WE'RE only just months into 1986 and CRL have already found a new way to be pretentious. The company has licenced the Blade Runner film score and built a game around it.
Once loaded the game plays nearly two minutes of the film theme music. There's no way to break into the game; your auricular sense is force-fed, presumably because CRL paid a pile of money for the music - quiet though it is.
The game bears some resemblance to the film plot and almost none to the classic Philip K Dick novel which inspired it - Do Androids Dream of Electric Sheep? By the 21st century robot designers have created the replidroids - human droids used as slaves in the conquest of space.
These designer robots don't take to the idea of being slaves and a revolt in an off-world colony ensures that they are banned from Earth. Any replidroid found on Earth is to be eliminated. The job goes to a special unit of bounty hunters.
As a bounty hunter you have a company car, called a skimmer, which flies to its destination - this makes sense in a city which looks like a reject from a geometry set.
The most prominent feature of the dashboard is the map showing the sector in which you are cruising. It indicates the robots - coloured yellow - and their creators - cyan. Your car is shown as a yellow diamond. A scanner at the top right of the screen shows the direction your search for replidroids should take while, at bottom right, another window provides text information about robot locations.
To retire a droid - a polite 21st century term meaning annihilate - you must land in its vicinity. You take your car there by moving the diamond cursor over the map until you are over the replidroid's marker.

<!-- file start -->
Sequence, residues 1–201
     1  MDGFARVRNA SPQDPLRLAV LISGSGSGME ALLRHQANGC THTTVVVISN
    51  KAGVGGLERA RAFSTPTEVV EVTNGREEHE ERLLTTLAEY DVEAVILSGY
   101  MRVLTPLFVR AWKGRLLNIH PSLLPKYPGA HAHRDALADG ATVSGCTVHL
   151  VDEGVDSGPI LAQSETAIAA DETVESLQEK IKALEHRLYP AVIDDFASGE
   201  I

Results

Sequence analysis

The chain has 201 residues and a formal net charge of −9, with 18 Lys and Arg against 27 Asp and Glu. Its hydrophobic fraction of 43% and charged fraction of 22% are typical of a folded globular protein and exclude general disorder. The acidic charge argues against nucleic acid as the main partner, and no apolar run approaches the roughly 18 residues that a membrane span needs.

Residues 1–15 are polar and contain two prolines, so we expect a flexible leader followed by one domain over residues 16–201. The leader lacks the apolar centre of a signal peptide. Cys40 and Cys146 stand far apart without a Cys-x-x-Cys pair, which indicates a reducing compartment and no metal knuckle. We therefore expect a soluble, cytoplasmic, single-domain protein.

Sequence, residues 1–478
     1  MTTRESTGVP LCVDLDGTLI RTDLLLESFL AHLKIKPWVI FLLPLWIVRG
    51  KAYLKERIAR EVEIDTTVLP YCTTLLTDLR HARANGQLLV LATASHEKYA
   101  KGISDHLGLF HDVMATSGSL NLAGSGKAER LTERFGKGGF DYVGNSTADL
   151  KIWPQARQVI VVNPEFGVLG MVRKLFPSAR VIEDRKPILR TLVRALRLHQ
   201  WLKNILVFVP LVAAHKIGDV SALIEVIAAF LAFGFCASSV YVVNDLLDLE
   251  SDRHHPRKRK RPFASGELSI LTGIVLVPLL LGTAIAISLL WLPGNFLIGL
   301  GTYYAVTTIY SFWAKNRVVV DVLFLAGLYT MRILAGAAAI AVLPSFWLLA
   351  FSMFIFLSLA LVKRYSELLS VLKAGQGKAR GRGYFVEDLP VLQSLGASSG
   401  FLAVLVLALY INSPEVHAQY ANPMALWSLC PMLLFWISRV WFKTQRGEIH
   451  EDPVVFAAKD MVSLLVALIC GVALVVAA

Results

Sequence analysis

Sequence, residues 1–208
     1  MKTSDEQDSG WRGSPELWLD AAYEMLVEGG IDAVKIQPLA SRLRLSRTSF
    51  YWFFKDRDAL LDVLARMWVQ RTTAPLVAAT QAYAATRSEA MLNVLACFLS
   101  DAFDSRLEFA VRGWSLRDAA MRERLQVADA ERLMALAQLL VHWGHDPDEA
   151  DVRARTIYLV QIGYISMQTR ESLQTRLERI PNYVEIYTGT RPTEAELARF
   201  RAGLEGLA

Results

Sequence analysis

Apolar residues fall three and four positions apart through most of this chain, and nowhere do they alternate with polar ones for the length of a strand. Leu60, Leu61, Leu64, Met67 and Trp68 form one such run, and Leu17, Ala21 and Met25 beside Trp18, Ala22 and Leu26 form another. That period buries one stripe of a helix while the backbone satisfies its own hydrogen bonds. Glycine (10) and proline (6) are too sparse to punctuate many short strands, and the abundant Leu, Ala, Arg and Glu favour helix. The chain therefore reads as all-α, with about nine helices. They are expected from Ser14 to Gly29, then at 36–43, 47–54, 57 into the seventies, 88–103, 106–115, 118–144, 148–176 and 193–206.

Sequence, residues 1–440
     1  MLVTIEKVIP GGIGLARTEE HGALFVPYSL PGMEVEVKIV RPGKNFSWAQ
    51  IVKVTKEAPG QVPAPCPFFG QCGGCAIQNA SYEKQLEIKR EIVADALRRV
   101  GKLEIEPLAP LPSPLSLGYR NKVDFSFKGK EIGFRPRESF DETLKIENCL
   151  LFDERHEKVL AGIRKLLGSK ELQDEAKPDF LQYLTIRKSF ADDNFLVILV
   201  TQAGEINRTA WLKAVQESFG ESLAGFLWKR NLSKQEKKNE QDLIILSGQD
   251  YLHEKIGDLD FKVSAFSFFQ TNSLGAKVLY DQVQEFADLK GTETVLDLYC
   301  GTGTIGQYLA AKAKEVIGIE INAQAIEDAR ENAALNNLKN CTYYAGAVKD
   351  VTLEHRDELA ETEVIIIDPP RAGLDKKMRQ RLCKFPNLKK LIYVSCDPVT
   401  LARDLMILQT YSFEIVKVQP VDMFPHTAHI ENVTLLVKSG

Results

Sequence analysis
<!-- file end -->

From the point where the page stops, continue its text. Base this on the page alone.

Press fire and you are treated to a display of the skimmer descending to street level. It gives an opportunity for the program to show off, in all its stunning glory, the plodding graphics which are a feature of the game. The car takes all of a minute to land by which time the robot should have made good its escape.
No such luck. You hop out of the car, taking your droid scanner with you and find that it is either one or two screens ahead of you. You will easily spot the replidroid. It's the only other figure running in a street full of zombies all of whom are walking in the opposite direction.
The droid can knock people to the ground but if you get onto the pavement and run into someone you will also take a dive. It's easy to get up and continue the chase. The replidroid will move out of scanner range and your car will come to pick you up - another unsuccessful mission completed.
If you follow your quarry onto the pavement wait for a clump of people to move off the screen. You should, by the law of averages, get some breathing room in which to work. Make a dash for innermost part of the pavement. Few people walk that way and the replidroid will often stray into that lane while on the pavement.
When your scanner flashes it's time to press the fire button of your laser weapon. If you're within range your quarry will fling its arms into the air, its knees will bend and half of it will disappear - more as a result of attribute clash than CRL special effects.
Your bonus, scored in an unspecified monetary denomination, ticks away as you chase the robot. If it reaches zero you've bombed out again but anything left on the financial clock will be added to your bank balance.
When you've nobbled a replidroid your car will pick you up and you go hunting for others. If you thought that the descent sequence was slow just wait for the skimmer to ascend.
By the time you've retired three or four droids you'll be ripping your hair out waiting for the next small part of the game where you are granted some participation.
There are six stages of replidroid which you can choose to chase. They are progressively more difficult to catch and stage six can be very vindictive when cornered on the street.
As the game progresses you will find the replidroids start to congregate at the sectors where the creators have their hideouts. If a droid gets near a creator you're in trouble. The elimination of the creators is another way in which you could lose the game.
The sequences between the action are well put together but, after you've seen them more than once you'll get an irresistible urge to smash up your Spectrum. Programmer Andy Stodart, the resident at CRL responsible for Rocky Horror Show, should know better than to betray the player for artistic self-indulgence.
Programmer: Andy Stodart
Joystick: Kempston, programmable
Spot the replidroid, then retire it.